• Arduino Robotic Arm


    "Since its my first project after the 15 tutorials of my Arduino starter kit, the real purpose of it is to get some critics, tips, suggestions, ideas from anyone who knows more than me. This project is about a robotic arm, with 4 dofs and a grip. With a decently low budget: the structure has been cut by a friend, the 4 servos were 30, the 2 joysticks 4, bolts screw etc. for less than 10 and all the rest (Arduino, wires, grips servo etc.) was already included in my starter kit. For a total of 40-45 which are about 45-50 US dollars (the same price of a me-arm kit, but hey, it was fun to have to build it by myself (and mess something up once in a while) and not following instructions like a machine)."

  • DIY PCB 4 channel IR remote controller


    "in this posting, i can share PCB 4 channel remote controlled with IR sensor, using atmega 328, programmed with arduino uno R3."

  • Transform an Ikea Side Table into a Music Visualizer


    "Heres a table I bought from Ikea and inserted loads of LEDs, electronics, and a microphone into, so I can put it next to the stereo and have a display that reacts and dances to the music played. Its great for parties, and it makes a superb conversation piece. Its got an Arduino for a brain and uses a minimal amount of current, so you can run it off an iPad charger or any USB port thats handy."

  • Table Top Arcade Center


    "Live the arcade experience with your own games at home. This table top arcade center will be made with wood, and will be complete with a built in screen and computer, speakers, joystick and buttons that will allow the user to play games on Scratch (like Pacman or Astroids) or other games anywhere that single power source is available."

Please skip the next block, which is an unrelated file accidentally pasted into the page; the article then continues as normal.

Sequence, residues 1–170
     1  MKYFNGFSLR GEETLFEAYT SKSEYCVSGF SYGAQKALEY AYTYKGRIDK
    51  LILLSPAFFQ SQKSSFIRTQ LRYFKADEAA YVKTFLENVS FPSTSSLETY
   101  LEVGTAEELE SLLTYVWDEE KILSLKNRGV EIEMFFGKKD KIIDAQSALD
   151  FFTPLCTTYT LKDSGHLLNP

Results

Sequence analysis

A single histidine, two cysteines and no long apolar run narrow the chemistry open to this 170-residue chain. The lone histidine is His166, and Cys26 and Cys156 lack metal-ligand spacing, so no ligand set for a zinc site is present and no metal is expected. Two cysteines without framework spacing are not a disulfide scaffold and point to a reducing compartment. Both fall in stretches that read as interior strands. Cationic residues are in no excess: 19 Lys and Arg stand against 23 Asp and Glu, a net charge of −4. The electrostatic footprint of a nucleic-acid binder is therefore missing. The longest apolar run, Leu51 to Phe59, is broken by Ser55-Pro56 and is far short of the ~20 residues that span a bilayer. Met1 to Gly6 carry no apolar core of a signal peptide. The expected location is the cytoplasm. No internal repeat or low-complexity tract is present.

• Build your own 3d printer filament factory


    "3D printers are cool and they finally start to drop in price. Kickstarter campaigns like the one from QB-UP or M3D are popping up and they are finally "affordable". And with affordable I mean affordable like 200 $ and not "affordable" like 2.199$ affordable. However, once you are a proud owner of a 3D printer you will soon realize that your wallet is far from being let alone. No ! You need plastic filament of course to print those super awesome coat hooks and wheel chocks. Since the price for these filaments tend to top the actual material costs, printing before mentioned life savers is kind of expensive and could become a problem to the development of the ever growing 3D printer community"

  • Raspberry Pi Garage Door Opener


    "This instructable explains how I setup a Raspberry Pi to open my garage door using a smarthphone. While this has been done before, I thought I'd post my solution. This was my first hardware project and instructable ever and I'm sure I made some mistakes. So, when you find one let me know! "



    "Recently CPC had a great time at Makerfaire UK and we took along a few games for the public to play. One of those games was a clone of the popular 80s game SIMON."

That's all Folks!